GOP trio in Senate blast Clinton over Benghazi

Republicans used the Senate Intelligence Committee report on the Benghazi terrorist attack against former Secretary of State Hillary Clinton in speeches on the Senate floor Thursday.

Sens. John McCain (R-Ariz.), Lindsey Graham (R-S.C.) and Kelly Ayotte (R-N.H.) called for accountability one day after a bipartisan congressional panel concluded that the deadly terrorist attack on a U.S. diplomatic compound in Benghazi, Libya, could have been prevented.

“There were failures and no one was held accountable and I’d like to know why,” Ayotte said.

Graham questioned whether some decisions were made for political reasons to ensure Clinton wasn’t damaged by the attack if she decides to run for president in 2016.

“[Clinton] couldn’t be on TV to talk about what happened at the State Department because she was distraught? I don’t believe it ... and if that is true people need to consider that,” Graham said. “I believe they picked someone very loyal to the president who would say whatever needed to be said. ... It needs to be investigated.”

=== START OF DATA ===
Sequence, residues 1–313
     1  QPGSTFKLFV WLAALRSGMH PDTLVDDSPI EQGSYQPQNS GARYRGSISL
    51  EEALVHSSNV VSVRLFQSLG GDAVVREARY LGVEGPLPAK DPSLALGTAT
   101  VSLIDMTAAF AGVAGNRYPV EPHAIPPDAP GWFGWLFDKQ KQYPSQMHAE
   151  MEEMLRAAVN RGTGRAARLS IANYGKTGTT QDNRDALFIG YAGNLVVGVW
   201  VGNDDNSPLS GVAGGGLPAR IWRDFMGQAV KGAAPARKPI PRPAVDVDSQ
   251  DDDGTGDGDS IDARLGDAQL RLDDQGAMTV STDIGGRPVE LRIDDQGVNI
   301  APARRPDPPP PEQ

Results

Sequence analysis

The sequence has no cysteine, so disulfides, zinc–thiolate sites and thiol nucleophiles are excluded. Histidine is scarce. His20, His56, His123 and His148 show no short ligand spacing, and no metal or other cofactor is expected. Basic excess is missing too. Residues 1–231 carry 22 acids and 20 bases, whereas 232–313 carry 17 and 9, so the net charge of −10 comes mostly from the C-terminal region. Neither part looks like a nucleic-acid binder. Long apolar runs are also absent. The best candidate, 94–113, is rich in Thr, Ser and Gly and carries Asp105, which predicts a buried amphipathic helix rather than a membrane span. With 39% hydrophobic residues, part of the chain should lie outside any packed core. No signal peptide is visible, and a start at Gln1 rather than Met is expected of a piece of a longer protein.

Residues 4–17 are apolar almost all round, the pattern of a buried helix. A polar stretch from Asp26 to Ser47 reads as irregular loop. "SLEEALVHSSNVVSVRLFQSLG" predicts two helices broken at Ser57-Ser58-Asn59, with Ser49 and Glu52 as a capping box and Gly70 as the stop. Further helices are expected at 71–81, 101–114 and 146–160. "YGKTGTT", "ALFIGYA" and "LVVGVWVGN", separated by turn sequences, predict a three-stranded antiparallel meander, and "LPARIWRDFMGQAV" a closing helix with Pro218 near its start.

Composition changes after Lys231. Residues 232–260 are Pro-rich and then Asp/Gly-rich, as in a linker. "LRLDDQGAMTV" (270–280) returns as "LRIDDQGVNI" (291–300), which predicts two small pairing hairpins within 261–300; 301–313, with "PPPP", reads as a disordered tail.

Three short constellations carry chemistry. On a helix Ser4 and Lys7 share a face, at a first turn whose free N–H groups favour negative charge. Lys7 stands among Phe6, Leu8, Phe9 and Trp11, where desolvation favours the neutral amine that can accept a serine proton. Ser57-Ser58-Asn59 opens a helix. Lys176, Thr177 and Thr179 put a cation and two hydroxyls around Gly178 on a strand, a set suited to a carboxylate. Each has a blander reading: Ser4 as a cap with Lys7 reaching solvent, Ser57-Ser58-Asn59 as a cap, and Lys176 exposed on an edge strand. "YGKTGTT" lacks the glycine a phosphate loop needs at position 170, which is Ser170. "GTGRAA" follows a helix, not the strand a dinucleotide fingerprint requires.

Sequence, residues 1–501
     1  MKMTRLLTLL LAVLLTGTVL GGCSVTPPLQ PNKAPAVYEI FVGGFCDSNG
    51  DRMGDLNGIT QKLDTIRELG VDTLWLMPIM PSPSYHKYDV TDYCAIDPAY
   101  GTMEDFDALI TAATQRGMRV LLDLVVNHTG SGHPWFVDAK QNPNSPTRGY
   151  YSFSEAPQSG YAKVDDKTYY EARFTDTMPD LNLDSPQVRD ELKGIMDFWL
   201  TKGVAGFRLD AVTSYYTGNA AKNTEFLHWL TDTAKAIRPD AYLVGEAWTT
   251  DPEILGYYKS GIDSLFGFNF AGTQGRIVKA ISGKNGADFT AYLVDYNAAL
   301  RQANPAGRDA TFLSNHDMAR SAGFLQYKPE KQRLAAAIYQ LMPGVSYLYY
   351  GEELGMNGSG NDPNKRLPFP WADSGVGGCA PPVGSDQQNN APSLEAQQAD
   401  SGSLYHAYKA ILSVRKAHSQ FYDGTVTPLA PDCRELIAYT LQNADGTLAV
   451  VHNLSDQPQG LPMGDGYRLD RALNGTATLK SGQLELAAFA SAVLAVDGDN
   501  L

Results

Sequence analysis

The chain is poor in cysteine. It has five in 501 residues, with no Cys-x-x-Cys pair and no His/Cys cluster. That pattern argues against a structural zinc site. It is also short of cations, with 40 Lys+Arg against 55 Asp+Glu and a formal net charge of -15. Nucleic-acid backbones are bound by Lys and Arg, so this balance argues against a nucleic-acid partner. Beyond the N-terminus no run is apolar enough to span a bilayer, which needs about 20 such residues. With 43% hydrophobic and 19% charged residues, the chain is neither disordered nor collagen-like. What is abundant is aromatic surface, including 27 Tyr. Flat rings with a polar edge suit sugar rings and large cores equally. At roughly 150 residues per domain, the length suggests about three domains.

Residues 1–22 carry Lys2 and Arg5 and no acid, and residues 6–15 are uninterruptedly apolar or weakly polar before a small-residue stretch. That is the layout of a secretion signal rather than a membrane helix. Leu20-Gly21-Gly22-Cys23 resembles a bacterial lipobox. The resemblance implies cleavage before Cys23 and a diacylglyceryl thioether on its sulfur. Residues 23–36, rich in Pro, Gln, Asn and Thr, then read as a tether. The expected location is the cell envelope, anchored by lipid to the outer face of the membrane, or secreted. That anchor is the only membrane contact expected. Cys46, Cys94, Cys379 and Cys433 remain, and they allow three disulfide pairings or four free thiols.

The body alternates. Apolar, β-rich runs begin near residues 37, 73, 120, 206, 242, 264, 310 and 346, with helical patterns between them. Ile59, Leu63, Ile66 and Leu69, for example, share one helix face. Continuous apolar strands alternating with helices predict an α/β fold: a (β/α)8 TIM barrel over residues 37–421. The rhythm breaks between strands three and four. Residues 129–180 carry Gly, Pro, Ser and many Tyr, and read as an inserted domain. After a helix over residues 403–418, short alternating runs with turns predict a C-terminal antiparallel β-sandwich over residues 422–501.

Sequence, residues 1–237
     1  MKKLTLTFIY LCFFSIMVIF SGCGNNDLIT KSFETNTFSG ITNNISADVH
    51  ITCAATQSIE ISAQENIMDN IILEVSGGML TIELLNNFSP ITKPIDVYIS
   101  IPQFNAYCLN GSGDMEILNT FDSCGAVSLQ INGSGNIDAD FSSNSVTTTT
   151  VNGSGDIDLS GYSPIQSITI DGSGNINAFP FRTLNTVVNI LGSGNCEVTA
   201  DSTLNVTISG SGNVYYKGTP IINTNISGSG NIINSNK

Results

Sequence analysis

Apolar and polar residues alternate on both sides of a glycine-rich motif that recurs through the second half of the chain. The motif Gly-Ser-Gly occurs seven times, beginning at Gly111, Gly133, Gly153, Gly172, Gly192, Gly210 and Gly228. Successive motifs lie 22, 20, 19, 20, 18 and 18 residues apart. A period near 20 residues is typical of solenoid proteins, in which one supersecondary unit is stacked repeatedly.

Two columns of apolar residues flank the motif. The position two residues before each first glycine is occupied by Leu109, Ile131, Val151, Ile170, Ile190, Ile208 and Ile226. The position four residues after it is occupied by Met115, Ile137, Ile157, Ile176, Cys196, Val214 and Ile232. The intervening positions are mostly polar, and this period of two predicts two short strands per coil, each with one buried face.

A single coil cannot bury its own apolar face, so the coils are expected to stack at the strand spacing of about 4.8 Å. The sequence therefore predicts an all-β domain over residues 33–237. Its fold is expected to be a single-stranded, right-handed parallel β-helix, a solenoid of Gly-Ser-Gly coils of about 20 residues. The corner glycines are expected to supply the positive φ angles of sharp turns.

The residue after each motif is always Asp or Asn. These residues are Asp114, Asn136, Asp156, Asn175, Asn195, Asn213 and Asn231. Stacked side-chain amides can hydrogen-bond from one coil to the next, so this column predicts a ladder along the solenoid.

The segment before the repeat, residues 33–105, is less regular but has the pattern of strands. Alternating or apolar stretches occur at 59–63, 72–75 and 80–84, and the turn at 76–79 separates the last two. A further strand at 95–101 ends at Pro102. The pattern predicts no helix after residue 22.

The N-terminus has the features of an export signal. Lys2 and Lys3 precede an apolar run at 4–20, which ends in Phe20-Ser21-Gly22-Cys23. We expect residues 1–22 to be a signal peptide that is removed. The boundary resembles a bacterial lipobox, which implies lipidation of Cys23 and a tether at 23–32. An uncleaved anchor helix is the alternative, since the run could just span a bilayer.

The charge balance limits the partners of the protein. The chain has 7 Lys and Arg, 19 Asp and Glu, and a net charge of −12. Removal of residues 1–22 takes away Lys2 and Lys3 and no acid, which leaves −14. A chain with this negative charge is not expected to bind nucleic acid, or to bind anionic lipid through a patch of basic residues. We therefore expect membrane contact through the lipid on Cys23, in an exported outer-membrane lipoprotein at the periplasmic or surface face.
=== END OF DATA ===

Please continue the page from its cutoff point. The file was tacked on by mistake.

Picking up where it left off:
Former U.S. Ambassador to the United Nations Susan Rice appeared on the Sunday morning shows days after the 2012 attack and used briefing points that blamed an anti-Islamic film for the attack. Clinton declined to make appearances on the shows that initial weekend.

Graham even compared the situation to the recent Gov. Chris Christie (R-N.J.) debacle, dubbed Bridgegate, saying that at least Christie reacted by firing an employee that planned a revengeful traffic jam. Christie is considered a leading contender in the GOP presidential primary for 2016.

“You want to talk Chris Christie? Fine, he did what needed to be done,” Graham said. “Name one person who has been fired in the State Department.”

Wednesday’s Senate Intelligence Committee report concluded that under Clinton’s watch, the State Department failed to increase security in Benghazi despite intelligence reports that the situation there was deteriorating and warnings that U.S. facilities were at risk.